A Recovery Trust would be administered by a trustee who would be granted the responsibility and authority to ensure that any distributions would only be made to or for the benefit of a beneficiary to: (1) seek treatment and recovery as would be deemed necessary and/or advisable by the trustee after consultation with professionals who may or may not be directly counseling the beneficiary; (2) ensure that a program of recovery is being maintained, as evidenced by periodic chemical screening and obtaining reports from counselors or other medical professionals; and (3) provide for the personal needs of the beneficiary, especially in early sobriety (or in cases of relapse). This is not an exhaustive list, but rather an idea of some of the basic expenditures which the trustee can be authorized to satisfy. The Recovery Trust should also reflect that, if it is the desire for the trustee to independently verify health care information and test results directly from the health care providers, that the beneficiary be required to execute such HIPAA authorizations as a precondition to receiving any benefits from the trust.
A Recovery Trust should be worded in such a way as not to be unduly burdensome or punitive to the beneficiary, but rather to provide a financial incentive to seek out assistance, if they have not done so already, and to ensure that sobriety and continued recovery is maintained. The Recovery Trust can be drafted in such a manner that if a program of recovery is maintained over a period of time, the trustee could begin “sprinkling” unrestricted principal distributions to the beneficiary with the hope that the trust could eventually terminate. While the trust can provide for the termination and final distribution to the primary beneficiary upon an adequate showing of a long-term commitment to recovery (as can be measured by an established criteria or by directions and guidelines for the trustee), the trust can also provide for the withholding of payments or the termination of the trust in favor of alternate beneficiaries should the primary beneficiary fail to meet the stated objectives within a designated period of time or upon the occurrence of a significant event (i.e., conviction of a crime related to the addiction), within the sole and absolute discretion of the trustee or with a majority consensus of certain family members or counselors.
The designation of the trustee also requires some thorough consideration and discussion. While family members are sometimes appropriate parties to undertake a trustee position for a trust for children under a certain age, the same people may not be appropriate to assume the fiduciary responsibilities when the unique challenges are that of a family member in crisis. Sometimes the appointment of a third party (i.e., a non-family member) serving in the role of either an independent trustee or co-trustee serving with a family member will ease the burden of a loving family member or close family friend making difficult decisions when faced with a brother, sister, child or grandchild struggling with addiction.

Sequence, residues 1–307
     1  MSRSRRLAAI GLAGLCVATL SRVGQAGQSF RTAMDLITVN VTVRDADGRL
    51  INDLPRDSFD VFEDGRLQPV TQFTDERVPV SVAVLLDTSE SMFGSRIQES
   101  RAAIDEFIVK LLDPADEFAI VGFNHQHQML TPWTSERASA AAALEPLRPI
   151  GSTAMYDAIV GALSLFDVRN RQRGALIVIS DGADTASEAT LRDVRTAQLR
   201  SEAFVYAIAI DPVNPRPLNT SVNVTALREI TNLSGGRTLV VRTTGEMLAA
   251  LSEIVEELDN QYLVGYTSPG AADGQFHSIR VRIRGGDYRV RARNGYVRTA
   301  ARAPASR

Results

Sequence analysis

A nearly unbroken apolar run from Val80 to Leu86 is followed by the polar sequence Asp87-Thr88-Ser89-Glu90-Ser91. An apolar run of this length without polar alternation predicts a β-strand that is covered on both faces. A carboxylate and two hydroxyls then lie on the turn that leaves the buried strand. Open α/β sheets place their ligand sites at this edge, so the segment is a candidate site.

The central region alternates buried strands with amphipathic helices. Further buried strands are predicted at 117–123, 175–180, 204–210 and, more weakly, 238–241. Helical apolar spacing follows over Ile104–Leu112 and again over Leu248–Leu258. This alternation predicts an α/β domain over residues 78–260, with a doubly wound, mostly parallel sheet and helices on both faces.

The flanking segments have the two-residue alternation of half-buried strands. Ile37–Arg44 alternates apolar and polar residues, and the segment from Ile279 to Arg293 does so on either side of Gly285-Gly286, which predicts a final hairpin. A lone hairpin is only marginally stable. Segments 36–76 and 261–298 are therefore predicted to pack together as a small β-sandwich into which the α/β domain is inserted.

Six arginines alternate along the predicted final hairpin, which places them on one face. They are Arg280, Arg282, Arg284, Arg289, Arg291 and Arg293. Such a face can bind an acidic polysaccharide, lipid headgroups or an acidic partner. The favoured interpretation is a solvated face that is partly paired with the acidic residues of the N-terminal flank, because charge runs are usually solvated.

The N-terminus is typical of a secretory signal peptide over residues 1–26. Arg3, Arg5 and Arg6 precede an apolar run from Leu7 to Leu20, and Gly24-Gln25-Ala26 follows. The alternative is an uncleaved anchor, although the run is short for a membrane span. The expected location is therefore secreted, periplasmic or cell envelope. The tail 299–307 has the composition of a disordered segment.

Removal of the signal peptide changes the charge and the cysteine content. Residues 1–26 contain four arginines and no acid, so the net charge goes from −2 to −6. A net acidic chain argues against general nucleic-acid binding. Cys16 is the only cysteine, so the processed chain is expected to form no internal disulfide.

At the end of the day, individuals suffering from addiction need to find the ability within themselves to surrender to the fact that they are suffering from a disease, seek treatment and settle into long-term recovery. The financial incentives and the availability of funds offered under a properly drafted Recovery Trust can remove one major hurdle (or excuse) that might prevent an individual from seeking such assistance.
Professional planners must appreciate that this is a very difficult and private topic for most clients to discuss, especially if you are counseling a client where no prior relationship existed. However, we must comfort clients with the concept that these issues are more common than most people think. Clients must realize that it is important to address these issues rather than ignore the fact that addiction is prevalent in society and that providing unrestricted resources is dangerous in the hand of one that suffers from this disease. Recovery from the mental and physical symptoms of addiction is possible, but the disease is chronic and a perceived remission is only subject to a daily reprieve contingent upon an honest and vigorous program of treatment and recovery. As such, the estate plan needs to be flexible enough to meet the ever challenging and changing needs of the beneficiary.
David E. Siegfeld is a partner with Lippes Mathias Wexler Friedman and co-leader of the firm’s trusts and estates practice team.